Some members of the Dallas City Council are hesitating at the proposed $308 million plan to restore the Kalita Humphreys Theater and are looking for cheaper options.
During a Tuesday meeting, some members said that while a significant amount of money is necessary for restorations, the estimated cost released by the Dallas Theater Center appears to be excessive, especially compared to other arts projects in the city.
The plan to restore the 64-year-old theater is coupled with plans to redevelop some 10 acres of the park where the theater stands.
Currently, the master plan for the park and theater is to use $52 million for restoration work, $168 million for four additional buildings, $22 million for infrastructure to accommodate a 380-space underground parking garage, $10 million for a pedestrian bridge connecting Turtle Creek and Katy Trail, and another $56 million in other land and nearby trail improvements.
But not all council members are convinced.
Councilmember Omar Narvaez, in particular, said the redevelopment map felt like a “bait and switch,” reported The Dallas Morning News.
“We’ve had enough of these where folks come and say, ‘oh, city, put your skin in the game and we’re going to raise the rest privately,’ and then the rest doesn’t get raised,” Narvaez said. “And so, then who’s left holding the bag? The taxpayer.”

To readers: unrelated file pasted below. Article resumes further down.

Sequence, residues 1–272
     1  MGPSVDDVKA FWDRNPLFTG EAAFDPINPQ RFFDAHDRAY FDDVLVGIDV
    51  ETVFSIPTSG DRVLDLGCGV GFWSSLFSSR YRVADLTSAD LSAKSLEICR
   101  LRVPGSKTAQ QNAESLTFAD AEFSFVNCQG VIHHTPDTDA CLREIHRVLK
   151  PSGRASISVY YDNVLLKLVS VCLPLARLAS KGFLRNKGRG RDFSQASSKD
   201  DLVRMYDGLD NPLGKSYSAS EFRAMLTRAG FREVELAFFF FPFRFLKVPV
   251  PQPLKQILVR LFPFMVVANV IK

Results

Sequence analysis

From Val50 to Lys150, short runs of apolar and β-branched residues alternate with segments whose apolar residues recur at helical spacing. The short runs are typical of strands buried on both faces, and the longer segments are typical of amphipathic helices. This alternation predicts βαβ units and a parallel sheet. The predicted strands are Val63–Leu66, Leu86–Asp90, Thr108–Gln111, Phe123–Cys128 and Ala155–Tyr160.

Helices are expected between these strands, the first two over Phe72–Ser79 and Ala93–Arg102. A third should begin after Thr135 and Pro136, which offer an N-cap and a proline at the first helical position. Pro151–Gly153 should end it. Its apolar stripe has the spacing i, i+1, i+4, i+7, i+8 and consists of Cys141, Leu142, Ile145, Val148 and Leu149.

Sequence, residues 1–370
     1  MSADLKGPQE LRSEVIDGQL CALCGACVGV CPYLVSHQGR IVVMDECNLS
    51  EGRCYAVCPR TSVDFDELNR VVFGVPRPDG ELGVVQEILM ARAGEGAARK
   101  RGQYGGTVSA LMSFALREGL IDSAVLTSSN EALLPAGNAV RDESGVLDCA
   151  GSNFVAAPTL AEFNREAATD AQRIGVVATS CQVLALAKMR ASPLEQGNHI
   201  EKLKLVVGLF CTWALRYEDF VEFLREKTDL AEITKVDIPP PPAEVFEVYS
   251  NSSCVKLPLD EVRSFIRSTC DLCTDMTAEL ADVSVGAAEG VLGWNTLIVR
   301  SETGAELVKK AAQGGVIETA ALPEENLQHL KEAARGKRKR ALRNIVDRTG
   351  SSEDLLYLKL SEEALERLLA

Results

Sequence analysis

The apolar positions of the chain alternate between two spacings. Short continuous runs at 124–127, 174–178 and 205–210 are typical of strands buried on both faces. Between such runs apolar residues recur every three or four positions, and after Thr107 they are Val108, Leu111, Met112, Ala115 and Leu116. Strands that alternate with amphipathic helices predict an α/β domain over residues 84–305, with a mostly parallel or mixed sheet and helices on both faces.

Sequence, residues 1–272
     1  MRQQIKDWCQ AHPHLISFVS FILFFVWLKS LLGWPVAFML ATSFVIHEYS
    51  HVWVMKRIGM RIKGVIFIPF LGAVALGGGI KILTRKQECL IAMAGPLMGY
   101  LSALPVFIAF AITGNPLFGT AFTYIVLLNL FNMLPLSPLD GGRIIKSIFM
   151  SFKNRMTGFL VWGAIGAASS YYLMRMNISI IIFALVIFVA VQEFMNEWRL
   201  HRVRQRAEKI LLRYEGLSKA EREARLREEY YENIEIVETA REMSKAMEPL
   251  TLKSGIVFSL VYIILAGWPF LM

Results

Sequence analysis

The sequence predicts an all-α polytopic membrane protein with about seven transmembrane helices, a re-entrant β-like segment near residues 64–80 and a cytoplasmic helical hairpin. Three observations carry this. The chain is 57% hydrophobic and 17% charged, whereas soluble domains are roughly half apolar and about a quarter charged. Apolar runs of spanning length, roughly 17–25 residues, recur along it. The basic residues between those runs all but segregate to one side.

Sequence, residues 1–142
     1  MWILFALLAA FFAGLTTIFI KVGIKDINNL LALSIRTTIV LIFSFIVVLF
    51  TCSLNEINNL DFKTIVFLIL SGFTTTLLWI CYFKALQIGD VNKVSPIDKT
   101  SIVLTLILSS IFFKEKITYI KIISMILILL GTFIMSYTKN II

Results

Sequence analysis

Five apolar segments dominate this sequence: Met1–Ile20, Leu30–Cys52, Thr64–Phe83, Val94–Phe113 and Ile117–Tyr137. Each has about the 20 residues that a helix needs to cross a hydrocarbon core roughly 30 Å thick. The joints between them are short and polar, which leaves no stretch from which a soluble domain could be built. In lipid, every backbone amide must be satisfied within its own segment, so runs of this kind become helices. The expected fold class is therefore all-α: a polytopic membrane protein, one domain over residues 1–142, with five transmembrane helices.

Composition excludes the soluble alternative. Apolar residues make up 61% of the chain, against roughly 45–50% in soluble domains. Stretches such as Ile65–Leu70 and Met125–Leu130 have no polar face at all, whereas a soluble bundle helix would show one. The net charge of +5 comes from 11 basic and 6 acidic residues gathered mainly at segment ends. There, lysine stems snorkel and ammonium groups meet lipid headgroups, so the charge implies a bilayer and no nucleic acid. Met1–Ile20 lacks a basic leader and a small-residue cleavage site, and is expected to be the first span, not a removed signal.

He further noted that there is competition from other arts-related projects looking for spending from the city, including a $75 million plan to restore South Dallas’ Forest Theater.
Councilmember Carolyn King Arnold pointed out that there was another struggling project trying to get off the ground in her district. Southern Gateway Park, a new park near the Dallas Zoo, requires $172 million in funding.
“There’s no way in good faith that we can sit here and support all these millions of dollars coming on bond packages that are bypassing us on the deck park,” Arnold said, referring to the Southern Gateway Park.
Some of the deterioration associated with the Kalita Humphreys Theater stems from disrepair brought on by neglect and lack of investment.
Before the city council approved a $525,000 contract to repair things such as roofing as a result of water damage in 2020, no significant repairs to the theater had been made since 1989.
The theater was originally designed by Frank Lloyd Wright.
City Councilmember Paula Blackmon expressed a reluctance to tear it down on Tuesday, and instead proposed to restore it through plans that aligned with Wright’s original design. She suggested that a master plan for the restoration could cost $52 million with a reduced amount of upgrades.